Regarding the edit warring by the IP editor[edit]

I've left a note about reliable sourcing on their talk page, because that was reason enough to revert. Going over them individually:

  • Richard Gordon's remarks might be acceptable, if they were relevant, not taken out of context, and not used in an original research argument that goes well beyond the scope of what he meant.
  • The Existence of Christ Disproved by Irresistible Evidence is written by someone who can't even admit who he is. The title alone is apologetics, even if it is by a New Atheist apologist. That's honestly no better than citing some preacher, imam, or yogi. Also, the link provided was WP:REFSPAM plain and simple.
  • C. Boyd Pfeiffer's A Cure for Christianity is also New Atheist apologetics, not history. What's more, his credentials are for fly-fishing (see the Examiner, which is blacklisted and so not linked), not for any field of history. That's no better than citing one of my uncles. Hell, at least most seminaries want you to take some kind of course on ancient history, even if they are biased.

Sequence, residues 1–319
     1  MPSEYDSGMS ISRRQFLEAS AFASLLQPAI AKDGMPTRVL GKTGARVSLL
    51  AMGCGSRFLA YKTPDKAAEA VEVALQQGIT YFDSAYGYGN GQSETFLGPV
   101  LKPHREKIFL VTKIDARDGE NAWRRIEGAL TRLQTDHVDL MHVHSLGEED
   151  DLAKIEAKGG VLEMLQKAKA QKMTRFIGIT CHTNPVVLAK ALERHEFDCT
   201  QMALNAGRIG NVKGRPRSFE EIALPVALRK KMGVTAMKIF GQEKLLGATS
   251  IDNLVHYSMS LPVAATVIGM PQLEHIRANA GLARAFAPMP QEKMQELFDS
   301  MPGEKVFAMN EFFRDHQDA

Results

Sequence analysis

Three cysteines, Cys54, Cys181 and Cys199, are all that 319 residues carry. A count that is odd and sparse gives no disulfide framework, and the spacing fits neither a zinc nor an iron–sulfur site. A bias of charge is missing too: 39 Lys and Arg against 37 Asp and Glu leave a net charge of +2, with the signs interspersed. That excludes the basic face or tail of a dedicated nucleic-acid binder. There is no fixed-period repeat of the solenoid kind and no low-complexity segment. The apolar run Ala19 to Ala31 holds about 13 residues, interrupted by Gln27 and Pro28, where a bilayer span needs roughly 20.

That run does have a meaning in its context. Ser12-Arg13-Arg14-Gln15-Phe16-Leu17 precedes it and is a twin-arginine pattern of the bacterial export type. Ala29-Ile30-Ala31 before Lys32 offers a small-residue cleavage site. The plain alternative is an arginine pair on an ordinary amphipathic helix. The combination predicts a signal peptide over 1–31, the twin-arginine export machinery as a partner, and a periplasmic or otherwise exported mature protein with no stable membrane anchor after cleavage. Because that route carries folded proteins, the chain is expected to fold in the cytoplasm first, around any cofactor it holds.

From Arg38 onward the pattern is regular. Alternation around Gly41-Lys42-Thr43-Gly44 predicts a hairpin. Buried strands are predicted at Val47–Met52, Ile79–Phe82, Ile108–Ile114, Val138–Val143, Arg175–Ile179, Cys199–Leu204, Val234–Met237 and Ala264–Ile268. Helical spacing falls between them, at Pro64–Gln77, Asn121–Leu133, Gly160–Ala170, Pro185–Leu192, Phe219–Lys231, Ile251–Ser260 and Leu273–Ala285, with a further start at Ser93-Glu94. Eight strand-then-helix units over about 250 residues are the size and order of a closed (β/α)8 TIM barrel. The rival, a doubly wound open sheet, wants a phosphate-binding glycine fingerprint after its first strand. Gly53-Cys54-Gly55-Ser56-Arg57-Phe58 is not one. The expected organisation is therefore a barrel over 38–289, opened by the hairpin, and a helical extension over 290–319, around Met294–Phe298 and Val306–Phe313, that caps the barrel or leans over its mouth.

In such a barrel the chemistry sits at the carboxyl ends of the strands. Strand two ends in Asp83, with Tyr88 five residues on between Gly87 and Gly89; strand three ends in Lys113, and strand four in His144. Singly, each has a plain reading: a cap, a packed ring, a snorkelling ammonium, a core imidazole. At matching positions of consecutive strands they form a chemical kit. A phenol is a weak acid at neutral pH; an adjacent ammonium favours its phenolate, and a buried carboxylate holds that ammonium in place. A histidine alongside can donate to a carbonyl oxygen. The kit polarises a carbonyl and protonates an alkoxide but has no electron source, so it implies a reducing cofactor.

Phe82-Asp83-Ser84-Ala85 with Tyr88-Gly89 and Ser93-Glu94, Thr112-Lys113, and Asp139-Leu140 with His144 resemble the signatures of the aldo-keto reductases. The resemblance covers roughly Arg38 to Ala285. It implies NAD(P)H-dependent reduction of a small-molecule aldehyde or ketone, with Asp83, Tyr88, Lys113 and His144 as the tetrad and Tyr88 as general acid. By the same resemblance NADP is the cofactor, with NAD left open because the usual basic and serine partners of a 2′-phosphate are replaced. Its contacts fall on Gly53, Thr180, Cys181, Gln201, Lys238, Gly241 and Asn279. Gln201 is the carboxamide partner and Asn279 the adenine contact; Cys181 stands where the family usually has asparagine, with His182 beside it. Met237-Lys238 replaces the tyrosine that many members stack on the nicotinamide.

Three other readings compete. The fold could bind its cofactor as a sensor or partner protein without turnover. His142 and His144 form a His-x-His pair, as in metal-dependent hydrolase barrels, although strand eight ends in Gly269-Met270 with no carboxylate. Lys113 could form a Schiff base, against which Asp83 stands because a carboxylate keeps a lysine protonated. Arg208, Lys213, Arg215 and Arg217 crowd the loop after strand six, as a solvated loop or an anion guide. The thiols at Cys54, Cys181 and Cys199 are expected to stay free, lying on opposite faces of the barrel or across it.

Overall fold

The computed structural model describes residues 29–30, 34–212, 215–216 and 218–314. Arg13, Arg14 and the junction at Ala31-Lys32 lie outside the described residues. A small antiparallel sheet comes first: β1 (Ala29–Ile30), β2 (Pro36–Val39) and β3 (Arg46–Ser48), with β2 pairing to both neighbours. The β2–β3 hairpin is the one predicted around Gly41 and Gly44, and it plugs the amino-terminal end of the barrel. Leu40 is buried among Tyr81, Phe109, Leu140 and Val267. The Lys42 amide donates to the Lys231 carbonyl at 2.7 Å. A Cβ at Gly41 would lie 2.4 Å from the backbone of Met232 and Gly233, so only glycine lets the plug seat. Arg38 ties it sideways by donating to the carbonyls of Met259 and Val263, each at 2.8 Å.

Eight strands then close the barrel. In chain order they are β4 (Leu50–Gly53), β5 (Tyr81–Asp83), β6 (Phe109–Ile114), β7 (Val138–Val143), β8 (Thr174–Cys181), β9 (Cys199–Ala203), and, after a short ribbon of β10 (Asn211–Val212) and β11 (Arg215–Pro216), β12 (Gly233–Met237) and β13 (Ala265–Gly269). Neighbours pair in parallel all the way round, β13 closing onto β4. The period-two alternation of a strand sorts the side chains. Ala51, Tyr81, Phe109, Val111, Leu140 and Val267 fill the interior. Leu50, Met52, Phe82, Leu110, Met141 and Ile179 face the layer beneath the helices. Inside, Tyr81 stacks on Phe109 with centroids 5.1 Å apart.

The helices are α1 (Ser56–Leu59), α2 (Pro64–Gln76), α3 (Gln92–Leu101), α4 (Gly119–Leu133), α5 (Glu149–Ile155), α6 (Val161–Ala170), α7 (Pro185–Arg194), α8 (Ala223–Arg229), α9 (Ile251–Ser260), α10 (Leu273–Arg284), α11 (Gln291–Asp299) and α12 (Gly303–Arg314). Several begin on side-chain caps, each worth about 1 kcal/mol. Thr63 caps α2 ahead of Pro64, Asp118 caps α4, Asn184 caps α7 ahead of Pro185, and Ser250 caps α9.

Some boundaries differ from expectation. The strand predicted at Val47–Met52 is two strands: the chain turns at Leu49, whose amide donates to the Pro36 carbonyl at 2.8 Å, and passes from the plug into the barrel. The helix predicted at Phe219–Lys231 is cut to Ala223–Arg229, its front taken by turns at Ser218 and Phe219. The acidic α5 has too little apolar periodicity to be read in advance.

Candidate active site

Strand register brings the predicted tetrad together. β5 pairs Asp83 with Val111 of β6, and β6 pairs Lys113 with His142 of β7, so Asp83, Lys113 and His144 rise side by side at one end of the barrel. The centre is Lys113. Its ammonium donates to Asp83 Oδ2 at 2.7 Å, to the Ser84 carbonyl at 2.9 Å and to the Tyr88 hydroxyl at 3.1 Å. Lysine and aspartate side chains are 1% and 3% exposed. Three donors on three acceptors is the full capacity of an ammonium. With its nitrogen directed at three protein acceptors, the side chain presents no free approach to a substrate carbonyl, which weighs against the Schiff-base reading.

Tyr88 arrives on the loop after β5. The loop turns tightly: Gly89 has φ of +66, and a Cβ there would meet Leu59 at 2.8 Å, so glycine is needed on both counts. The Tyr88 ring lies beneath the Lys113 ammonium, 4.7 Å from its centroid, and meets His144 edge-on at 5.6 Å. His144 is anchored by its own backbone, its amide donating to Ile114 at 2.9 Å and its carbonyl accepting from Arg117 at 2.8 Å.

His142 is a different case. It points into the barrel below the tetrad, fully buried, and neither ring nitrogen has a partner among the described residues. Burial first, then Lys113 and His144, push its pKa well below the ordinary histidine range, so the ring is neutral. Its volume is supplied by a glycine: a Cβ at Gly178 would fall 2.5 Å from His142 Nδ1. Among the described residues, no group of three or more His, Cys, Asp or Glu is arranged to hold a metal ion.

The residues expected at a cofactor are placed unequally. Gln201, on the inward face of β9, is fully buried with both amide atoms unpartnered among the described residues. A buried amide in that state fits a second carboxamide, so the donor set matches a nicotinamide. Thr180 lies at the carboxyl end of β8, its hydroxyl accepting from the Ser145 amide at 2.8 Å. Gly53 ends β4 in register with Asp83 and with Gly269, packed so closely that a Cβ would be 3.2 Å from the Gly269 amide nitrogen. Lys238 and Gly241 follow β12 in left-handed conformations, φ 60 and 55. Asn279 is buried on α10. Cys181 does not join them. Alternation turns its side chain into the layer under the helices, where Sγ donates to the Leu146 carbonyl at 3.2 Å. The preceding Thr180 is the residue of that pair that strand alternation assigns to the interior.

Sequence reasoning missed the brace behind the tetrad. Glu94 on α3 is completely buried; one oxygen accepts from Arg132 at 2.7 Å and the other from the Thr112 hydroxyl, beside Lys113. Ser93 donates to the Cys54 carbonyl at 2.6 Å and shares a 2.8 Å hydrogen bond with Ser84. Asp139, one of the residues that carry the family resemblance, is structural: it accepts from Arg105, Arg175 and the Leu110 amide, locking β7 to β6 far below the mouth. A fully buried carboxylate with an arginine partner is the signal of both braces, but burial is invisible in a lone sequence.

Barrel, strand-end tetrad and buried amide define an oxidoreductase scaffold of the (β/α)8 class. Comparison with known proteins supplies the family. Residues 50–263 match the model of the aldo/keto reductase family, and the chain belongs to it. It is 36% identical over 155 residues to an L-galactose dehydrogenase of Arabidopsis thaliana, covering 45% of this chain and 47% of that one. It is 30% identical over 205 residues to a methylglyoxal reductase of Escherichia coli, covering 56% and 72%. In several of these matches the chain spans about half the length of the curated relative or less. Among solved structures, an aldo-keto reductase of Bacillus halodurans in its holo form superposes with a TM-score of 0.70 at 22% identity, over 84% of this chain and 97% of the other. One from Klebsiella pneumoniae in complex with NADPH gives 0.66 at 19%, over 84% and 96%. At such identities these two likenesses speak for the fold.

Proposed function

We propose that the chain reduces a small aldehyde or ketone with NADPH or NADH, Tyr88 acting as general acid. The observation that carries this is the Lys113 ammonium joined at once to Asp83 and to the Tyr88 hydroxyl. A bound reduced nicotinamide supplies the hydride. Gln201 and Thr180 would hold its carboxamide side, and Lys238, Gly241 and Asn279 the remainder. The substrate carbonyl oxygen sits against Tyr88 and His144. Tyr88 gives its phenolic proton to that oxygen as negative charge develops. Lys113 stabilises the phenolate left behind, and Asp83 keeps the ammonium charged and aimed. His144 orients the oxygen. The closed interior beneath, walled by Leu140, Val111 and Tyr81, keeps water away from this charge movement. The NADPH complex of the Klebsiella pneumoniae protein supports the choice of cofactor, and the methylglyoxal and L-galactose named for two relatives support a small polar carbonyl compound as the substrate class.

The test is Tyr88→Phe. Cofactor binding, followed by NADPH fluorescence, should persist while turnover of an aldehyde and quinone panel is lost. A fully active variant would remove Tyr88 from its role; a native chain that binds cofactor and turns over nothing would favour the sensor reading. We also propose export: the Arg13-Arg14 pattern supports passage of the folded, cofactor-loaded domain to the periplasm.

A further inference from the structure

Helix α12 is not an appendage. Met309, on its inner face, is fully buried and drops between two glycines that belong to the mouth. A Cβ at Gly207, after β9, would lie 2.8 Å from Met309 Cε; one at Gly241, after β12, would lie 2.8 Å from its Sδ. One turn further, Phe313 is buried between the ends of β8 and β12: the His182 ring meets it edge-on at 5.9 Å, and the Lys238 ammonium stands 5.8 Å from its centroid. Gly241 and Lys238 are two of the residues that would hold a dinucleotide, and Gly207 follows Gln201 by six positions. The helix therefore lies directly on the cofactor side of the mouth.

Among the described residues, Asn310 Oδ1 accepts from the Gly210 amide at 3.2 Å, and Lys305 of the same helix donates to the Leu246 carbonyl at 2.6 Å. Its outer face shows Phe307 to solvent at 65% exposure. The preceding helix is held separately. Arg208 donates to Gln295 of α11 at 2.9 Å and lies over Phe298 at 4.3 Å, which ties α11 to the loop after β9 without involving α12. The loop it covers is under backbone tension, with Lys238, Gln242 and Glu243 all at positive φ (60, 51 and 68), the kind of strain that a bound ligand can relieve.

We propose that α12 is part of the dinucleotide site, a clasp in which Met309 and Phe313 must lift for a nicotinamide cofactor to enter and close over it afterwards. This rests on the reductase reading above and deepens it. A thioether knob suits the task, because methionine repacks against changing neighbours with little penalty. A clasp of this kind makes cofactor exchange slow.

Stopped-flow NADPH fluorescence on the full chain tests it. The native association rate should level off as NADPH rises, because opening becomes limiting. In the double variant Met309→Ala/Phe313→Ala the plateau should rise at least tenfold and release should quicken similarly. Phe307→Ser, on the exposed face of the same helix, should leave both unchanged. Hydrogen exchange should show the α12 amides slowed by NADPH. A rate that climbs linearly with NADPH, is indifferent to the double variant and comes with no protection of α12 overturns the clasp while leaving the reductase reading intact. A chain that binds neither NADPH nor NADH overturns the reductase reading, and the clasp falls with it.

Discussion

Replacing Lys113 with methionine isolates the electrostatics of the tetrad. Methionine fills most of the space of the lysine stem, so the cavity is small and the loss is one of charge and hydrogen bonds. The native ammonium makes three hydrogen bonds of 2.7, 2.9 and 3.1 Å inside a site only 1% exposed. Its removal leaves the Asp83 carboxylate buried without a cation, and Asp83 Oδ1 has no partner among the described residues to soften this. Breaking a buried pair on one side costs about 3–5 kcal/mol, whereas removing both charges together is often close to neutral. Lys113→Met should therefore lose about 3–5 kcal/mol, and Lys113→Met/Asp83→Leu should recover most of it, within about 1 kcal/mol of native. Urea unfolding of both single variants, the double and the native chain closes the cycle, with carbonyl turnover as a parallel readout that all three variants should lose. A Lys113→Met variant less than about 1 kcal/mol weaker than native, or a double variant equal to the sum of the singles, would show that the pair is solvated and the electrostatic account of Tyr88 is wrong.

Given that the addition starts off with "you can't trust Christian apologists," I find it ironic (if not hypocritical) that it follows with two blatant apologists. This article should stick to historians, not apologists of any sort. Ian.thomson (talk) 08:49, 5 March 2016 (UTC)

Once again, the IP editor is inserting apologetics into the article. None of the above problems was addressed in the slightest in the edits. No part of the addition can be defended with policy without complete misinterpretation. Ian.thomson (talk) 15:57, 15 March 2016 (UTC)
As for Pfeiffer, the Amazon page on the book says he's self-educated, and you can see the list of fishing books he's written by clicking on his name there. Doug Weller talk 16:01, 15 March 2016 (UTC)